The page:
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Trump: US, Pakistan Govts worked in conjunction to free Stewartstown native from captivity

FILE - This undated militant file image from video posted online in August 2016, which has not been independently verified by The Associated Press, provided by SITE Intel Group, shows Canadian Joshua Boyle and American Caitlan Coleman, who were kidnapped in Afghanistan in 2012. Officials in Canada are calling for the unconditional release of Boyle and his wife following the release of another video on Monday, Dec. 19, 2016, that appears to show them begging for their governments to intervene with their Afghan captors on their behalf. (SITE Intel Group via AP, File)

President Donald Trump has confirmed the United States and Pakistani governments worked in conjunction with one another to free a Stewartstown native, her husband and their three children from a Taliban-linked group's hostage camp last night.


In a statement, the president said:

In 2012, Caitlan Coleman, an American citizen, and her husband, Joshua Boyle, a Canadian citizen, were taken captive and held hostage by the Haqqani network, a terrorist organization with ties to the Taliban. Ms. Coleman gave birth to the couple's three children while they were in captivity. Yesterday, the United States government, working in conjunction with the Government of Pakistan, secured the release of the Boyle-Coleman family from captivity in Pakistan.
Today they are free. This is a positive moment for our country's relationship with Pakistan. The Pakistani government's cooperation is a sign that it is honoring America's wishes for it to do more to provide security in the region. We hope to see this type of cooperation and teamwork in helping secure the release of remaining hostages and in our future joint counterterrorism operations.

SEE ALSO | Family held captive by Taliban-linked group released

The Pakistani Army has also issued a statement on the release of the Coleman-Boyle Family, saying:

Pak Army and ISI recovered 5 Western hostages including 1 Canadian, his US National wife and their three children from terrorist custody through an intelligence based operation by Pakistan troops and intelligence agencies. They were captured by Terrorists from Afghanistan during 2012 and kept as hostages there. US intelligence agencies had been tracking them and shared their shifting across to Pakistan on 11 Oct 2017 through Kurram Agency border. The operation by Pakistani forces, based on actionable intelligence from US authorities was successful; all hostages were recovered safe and sound and are being repatriated to the country of their origin. The success underscores the importance of timely intelligence sharing and Pakistan's continued commitment towards fighting this menace through cooperation between two forces against a common enemy.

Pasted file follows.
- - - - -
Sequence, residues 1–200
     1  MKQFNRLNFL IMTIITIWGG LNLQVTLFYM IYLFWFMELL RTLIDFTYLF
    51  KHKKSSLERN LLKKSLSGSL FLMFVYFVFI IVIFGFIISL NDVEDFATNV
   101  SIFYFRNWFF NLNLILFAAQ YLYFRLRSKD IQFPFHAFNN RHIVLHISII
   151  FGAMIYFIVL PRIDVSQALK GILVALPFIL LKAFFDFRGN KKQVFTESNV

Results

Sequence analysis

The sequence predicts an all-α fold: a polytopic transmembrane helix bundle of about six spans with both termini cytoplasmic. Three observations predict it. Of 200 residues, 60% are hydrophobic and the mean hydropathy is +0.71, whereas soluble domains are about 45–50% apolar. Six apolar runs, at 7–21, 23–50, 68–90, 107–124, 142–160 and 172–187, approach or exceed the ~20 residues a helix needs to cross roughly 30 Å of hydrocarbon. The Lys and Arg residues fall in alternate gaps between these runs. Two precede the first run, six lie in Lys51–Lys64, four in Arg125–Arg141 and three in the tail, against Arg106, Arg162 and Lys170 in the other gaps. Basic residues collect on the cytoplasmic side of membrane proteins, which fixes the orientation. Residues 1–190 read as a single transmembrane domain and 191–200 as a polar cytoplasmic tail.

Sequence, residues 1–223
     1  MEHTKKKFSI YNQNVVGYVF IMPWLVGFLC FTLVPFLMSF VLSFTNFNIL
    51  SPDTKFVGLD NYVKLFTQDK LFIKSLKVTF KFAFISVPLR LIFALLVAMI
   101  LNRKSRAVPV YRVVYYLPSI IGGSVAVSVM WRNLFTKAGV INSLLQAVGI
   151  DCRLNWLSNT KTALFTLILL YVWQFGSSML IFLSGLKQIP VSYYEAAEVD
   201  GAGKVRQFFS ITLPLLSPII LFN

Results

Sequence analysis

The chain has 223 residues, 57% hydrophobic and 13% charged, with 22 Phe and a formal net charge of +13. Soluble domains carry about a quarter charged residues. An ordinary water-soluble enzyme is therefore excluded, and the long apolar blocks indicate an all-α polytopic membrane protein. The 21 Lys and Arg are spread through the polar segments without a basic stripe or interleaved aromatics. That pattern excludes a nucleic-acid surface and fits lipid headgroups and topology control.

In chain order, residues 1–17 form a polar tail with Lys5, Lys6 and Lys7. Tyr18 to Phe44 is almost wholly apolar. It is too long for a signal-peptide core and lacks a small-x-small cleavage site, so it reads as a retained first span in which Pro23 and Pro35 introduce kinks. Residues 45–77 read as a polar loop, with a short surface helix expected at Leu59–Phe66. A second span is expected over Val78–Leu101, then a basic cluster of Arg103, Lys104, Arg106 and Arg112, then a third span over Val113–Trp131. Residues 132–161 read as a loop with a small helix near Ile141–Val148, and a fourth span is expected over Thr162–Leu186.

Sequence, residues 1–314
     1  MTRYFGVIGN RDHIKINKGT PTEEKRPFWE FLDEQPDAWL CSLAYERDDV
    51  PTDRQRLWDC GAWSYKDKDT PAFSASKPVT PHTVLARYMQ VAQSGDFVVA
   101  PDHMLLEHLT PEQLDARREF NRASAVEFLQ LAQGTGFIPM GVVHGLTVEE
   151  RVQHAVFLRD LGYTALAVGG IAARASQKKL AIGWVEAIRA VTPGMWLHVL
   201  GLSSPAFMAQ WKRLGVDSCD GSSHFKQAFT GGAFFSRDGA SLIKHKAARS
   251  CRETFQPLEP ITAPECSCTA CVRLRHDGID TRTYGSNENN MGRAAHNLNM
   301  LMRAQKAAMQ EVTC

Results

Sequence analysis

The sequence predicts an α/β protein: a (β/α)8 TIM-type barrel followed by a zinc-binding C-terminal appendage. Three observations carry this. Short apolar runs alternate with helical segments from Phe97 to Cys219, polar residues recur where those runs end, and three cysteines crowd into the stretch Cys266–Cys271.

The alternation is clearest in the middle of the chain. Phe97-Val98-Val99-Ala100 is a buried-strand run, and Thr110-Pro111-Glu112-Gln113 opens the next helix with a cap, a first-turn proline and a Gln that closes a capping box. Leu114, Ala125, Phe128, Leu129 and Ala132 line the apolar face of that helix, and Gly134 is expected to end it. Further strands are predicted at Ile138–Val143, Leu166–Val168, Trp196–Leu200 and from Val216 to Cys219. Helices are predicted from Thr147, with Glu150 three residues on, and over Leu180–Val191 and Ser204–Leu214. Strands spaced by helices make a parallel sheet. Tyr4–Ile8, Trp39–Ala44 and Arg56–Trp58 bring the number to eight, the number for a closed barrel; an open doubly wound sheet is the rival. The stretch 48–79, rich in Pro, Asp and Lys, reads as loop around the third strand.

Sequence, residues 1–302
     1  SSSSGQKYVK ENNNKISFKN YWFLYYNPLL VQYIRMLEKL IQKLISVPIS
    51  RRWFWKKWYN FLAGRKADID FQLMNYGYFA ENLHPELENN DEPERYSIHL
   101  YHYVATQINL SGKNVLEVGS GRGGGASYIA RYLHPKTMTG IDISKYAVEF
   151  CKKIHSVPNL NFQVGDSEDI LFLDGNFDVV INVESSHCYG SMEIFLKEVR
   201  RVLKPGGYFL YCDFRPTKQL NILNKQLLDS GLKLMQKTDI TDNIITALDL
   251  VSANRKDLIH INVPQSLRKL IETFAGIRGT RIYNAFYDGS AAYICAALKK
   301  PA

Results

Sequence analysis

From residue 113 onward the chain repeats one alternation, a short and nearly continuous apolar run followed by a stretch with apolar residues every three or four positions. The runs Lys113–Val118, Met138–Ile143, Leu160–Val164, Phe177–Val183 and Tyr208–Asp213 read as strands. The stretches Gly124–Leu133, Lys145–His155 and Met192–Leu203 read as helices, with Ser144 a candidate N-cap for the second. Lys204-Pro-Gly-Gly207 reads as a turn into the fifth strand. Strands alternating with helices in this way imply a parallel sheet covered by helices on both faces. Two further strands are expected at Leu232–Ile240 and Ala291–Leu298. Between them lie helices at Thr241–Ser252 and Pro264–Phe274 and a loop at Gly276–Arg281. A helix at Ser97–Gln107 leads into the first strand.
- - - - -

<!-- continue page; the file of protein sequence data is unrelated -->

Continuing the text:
The confirmation of the Boyle-Coleman Family's release comes only hours after President Trump alluded to their release during his speech on tax reform at the Harrisburg International Airport.

During the speech, he said:

Something happened today, where a country that totally disrespected us called with some very, very important news," Trump said. "And one of my generals came in. They said, 'You know, I have to tell you, a year ago they would've never done that.' It was a great sign of respect. You'll probably be hearing about it over the next few days. But this is a country that did not respect us. This is a country that respects us now. The world is starting to respect us again, believe me.

SEE ALSO | U.S. woman captured by Taliban in 2012 offers proof she's alive, family pleads for mercy

At the time of the speech, White House officials did not confirm or release any additional details about the specific situation the president may have been referencing.

On Thursday morning, White House officials confirmed Caitlan Coleman, her husband, Joshua Boyle, and their three children born at the camp where they were being held captive by the Haqqani network had been released.

The two were abducted five years ago while traveling in Afghanistan and have been held by the Haqqani network.

The family's current location, however, was unclear. And officials declined to say when the family planned to return to North America.

The U.S. has criticized Pakistan for failing to aggressively go after the Haqqanis.

A U.S. national security official, speaking on condition of anonymity to discuss an ongoing operation, commended Pakistan for their assistance.


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